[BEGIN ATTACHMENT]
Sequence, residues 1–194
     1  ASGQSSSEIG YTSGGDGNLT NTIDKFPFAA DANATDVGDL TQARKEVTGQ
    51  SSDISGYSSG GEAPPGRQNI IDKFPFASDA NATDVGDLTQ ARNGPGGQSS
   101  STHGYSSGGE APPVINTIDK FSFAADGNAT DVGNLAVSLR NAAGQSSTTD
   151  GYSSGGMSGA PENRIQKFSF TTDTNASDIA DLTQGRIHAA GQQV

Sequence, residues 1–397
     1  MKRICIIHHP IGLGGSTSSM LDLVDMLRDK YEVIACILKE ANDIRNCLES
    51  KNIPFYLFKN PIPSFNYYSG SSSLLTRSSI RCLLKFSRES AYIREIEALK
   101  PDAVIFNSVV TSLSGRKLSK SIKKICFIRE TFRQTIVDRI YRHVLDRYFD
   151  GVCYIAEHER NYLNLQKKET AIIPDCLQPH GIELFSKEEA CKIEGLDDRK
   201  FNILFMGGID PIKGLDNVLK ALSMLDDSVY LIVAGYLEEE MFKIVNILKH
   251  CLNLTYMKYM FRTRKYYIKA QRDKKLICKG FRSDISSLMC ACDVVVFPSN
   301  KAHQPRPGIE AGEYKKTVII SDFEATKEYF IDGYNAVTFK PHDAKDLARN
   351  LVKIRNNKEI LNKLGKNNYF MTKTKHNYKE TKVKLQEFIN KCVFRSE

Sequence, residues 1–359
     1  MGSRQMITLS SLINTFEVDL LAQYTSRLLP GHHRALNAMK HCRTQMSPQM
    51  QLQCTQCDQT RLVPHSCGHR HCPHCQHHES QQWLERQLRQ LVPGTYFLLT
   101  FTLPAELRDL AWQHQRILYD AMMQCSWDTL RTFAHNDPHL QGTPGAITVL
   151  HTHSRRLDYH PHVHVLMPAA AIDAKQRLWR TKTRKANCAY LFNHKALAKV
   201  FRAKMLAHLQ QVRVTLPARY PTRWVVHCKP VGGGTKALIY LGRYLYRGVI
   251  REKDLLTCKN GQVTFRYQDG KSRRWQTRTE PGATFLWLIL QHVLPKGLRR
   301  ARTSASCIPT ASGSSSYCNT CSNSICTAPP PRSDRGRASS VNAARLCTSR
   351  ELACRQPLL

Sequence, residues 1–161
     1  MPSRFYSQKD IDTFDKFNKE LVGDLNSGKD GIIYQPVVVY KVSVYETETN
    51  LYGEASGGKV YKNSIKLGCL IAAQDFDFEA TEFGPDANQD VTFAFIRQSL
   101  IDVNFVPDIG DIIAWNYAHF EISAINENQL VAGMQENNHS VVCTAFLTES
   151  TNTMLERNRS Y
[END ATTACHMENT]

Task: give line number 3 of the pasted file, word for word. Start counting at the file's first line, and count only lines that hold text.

    51  SSDISGYSSG GEAPPGRQNI IDKFPFASDA NATDVGDLTQ ARNGPGGQSS